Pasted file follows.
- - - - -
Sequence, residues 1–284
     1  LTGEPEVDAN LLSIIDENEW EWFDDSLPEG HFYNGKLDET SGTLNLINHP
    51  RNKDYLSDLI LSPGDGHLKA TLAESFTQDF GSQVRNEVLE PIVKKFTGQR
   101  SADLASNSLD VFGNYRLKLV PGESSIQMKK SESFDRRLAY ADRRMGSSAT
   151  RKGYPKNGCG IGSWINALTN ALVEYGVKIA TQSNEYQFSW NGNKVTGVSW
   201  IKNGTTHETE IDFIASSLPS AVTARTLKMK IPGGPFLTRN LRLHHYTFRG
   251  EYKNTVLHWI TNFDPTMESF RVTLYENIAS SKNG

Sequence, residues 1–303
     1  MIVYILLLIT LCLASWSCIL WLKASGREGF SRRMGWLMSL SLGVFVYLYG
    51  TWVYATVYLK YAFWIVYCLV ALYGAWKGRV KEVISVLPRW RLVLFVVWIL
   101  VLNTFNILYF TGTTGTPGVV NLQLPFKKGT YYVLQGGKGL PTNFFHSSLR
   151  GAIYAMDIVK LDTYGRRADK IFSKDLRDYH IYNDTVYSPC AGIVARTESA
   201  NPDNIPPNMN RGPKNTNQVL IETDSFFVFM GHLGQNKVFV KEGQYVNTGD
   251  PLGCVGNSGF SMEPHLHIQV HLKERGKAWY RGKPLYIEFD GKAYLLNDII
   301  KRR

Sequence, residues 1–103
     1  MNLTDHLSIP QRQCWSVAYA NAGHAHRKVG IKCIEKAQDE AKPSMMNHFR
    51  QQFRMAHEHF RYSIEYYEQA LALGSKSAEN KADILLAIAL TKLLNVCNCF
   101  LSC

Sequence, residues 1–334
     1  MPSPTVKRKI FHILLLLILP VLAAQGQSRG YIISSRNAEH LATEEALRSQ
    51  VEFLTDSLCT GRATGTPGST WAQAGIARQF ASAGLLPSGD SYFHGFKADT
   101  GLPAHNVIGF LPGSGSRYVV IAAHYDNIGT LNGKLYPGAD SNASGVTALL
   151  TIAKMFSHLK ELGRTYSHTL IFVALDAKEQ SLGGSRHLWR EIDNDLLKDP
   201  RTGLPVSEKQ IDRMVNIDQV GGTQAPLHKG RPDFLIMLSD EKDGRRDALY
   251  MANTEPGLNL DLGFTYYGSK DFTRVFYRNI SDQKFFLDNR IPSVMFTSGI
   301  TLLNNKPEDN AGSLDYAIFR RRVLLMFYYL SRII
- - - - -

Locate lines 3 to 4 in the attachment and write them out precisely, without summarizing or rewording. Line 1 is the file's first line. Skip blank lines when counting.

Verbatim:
    51  RNKDYLSDLI LSPGDGHLKA TLAESFTQDF GSQVRNEVLE PIVKKFTGQR
   101  SADLASNSLD VFGNYRLKLV PGESSIQMKK SESFDRRLAY ADRRMGSSAT